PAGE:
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The Climate Post: Inaction on Climate Change Has Dismal Consequences

06/25/2015 11:16 am ET | Updated Jun 25, 2016

The White House and the U.S. Environmental Protection Agency (EPA) released a new peer-reviewed report saying inaction on climate change is a dire threat to human health and the economy. It specifically estimates the physical monetary paybacks across 20 sectors of the United States by year 2100 if world leaders successfully limit global warming to 2 degrees Celsius above pre-industrial levels. Among its findings: agricultural losses could be reduced by as much as $11 billion, there could be as many as 57,000 fewer deaths from poor air quality and as much as $110 billion in lost labor hours could be avoided. If nothing is done by 2100, the United States will see thousands of additional deaths annually related to extreme temperatures and poor air quality.

"The results are quite startling and very clear," said Environmental Protection Agency administrator Gina McCarthy. "Left unchecked, climate change affects our health, infrastructure and the outdoors we love. But more importantly the report shows that global action on climate change will save lives."

The Washington Post notes one major concern with the study, citing a recent International Energy Agency analysis: Though several major new international commitments could move the world in the right direction, the planet is almost certainly not going to hit its 2 degree target.

The report follows the release of Pope Francis' encyclical--acknowledging that climate change is largely caused by humans--sparking bipartisan reaction. A review of surveys by the Yale Project on Climate Change Communication and George Mason University found the majority of Catholic Republicans agreed that global warming is happening.

EPA Clean Power Plan Under Fire

A White House official this week said the final version of the EPA's Clean Power Plan would retain its ambitious 30-percent cut in emissions. Slated to be finalized in August, the rule would limit emissions from existing power plants under the Clean Air Act by giving states flexibility in how they can meet interim state-level emissions rate goals (2020 to 2030) and a final 2030 emissions rate limit.

Bills to scale back its intended benefits were the subject of House hearings this week. One in particular, the Ratepayer Protection Act--which Obama threatened to veto--was passed with a 247-180 vote by House Republicans Wednesday. It would pause implementation of the rule until all legal challenges have been settled. It also would allow states to opt out if the rule leads to rate increases. Manufacturers on Wednesday urged lawmakers to pass the bill. A letter from the National Association of Manufacturers noted that the "rule has the potential to substantially increase the costs of electricity for manufacturers and could threaten the reliability of the electric grid in many parts of the country." But a report from Public Citizen suggests the Clean Power Plan will actually be beneficial to consumers and the economy generally.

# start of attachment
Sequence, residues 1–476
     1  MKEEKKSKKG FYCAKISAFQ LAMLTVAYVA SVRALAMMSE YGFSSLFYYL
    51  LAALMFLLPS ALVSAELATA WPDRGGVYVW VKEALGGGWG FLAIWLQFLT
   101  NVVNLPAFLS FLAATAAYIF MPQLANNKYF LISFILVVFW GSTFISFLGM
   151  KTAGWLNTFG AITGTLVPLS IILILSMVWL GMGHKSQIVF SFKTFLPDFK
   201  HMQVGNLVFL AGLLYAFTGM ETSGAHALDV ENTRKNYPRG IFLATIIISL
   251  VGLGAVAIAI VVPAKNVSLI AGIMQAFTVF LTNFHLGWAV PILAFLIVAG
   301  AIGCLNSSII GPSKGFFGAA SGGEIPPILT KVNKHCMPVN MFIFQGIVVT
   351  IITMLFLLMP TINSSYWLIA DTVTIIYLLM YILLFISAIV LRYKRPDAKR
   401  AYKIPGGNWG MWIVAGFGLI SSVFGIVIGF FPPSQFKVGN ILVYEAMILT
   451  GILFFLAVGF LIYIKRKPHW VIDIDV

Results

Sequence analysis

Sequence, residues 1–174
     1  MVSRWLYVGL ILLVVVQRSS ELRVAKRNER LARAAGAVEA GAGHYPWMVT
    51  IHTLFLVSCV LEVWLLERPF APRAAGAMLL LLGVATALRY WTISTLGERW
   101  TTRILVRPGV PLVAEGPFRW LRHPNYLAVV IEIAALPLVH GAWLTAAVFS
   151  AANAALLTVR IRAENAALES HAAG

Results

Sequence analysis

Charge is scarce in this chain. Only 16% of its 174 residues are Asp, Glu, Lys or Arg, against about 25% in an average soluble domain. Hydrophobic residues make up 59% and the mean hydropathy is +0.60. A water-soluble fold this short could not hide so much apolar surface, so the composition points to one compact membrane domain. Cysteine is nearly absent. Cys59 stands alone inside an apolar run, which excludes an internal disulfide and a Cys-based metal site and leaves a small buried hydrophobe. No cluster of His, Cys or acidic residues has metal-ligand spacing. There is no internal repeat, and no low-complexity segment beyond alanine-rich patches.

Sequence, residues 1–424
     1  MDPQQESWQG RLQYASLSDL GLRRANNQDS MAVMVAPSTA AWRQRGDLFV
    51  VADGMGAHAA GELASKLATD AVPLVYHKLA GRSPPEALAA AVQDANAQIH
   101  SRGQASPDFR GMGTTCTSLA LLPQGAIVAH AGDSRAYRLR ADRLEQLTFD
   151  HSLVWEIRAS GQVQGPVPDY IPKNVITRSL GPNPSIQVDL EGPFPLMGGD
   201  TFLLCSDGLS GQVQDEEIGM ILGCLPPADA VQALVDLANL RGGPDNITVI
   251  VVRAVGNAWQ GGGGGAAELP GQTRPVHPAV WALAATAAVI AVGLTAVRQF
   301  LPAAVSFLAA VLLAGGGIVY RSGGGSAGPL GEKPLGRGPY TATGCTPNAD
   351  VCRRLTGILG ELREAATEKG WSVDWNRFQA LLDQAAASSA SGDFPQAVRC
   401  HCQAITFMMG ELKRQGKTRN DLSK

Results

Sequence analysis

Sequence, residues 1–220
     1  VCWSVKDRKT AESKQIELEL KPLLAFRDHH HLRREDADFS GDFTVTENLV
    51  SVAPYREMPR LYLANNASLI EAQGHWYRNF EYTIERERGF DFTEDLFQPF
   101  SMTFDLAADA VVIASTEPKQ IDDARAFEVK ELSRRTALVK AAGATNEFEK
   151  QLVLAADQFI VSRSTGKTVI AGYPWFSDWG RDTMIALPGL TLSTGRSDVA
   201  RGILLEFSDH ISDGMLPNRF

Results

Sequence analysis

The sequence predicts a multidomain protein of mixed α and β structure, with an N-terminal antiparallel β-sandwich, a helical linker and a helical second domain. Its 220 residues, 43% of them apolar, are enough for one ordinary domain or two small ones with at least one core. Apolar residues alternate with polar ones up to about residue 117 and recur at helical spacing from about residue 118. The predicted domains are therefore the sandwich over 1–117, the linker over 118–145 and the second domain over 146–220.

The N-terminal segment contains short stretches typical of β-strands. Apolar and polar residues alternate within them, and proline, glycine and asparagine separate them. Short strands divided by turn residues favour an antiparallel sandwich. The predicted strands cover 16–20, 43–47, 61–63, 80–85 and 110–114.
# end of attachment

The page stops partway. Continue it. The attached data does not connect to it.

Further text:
2015 on Pace to Be Warmest Year on Record

The National Oceanic and Atmospheric Administration's (NOAA) National Climatic Data Center, the National Aeronautics and Space Administration's (NASA) Goddard Institute for Space Studies, and the Japanese Meteorological Agency last week reported that the first five months of this year are the hottest since record keeping began in 1880, putting 2015 on track to top 2014 as the warmest year on record.

In May, the combined land and ocean surface temperature was 1.57 degrees Fahrenheit above the 20th-century average, 0.14 degrees above the previous record set in May 2014.

According to NOAA, record warm sea-surface temperatures in the northeast and equatorial Pacific Ocean as well as areas of the western North Atlantic Ocean and Barents Sea north of Scandinavia contributed to the anomalous heat so far in 2015.

"The oceans have been what's really been driving the warmth that we've seen in the last year and a half to two years," said Deke Arndt, head of climate monitoring at NOAA's National Centers for Environmental Education. "We've seen really large warmth in all of the major ocean basins. So, if there's anything unusual or weird, I guess, about what we're seeing, it's the fact that the entire global ocean is participating in this really extreme warmth that we've seen in the last couple years."

The current El Niño event could help keep temperatures at record or near-record levels for the remainder of the year, but climate scientists are cautious about saying whether 2015 will definitely be a record breaker for heat.

"We expect that we are going to get more warm years, and just as with 2014, records will be broken increasingly in the future. But perhaps not every year," said Gavin Schmidt, who leads NASA's Goddard Institute of Space Studies.

The Climate Post offers a rundown of the week in climate and energy news. It is produced each Thursday by Duke University's Nicholas Institute for Environmental Policy Solutions.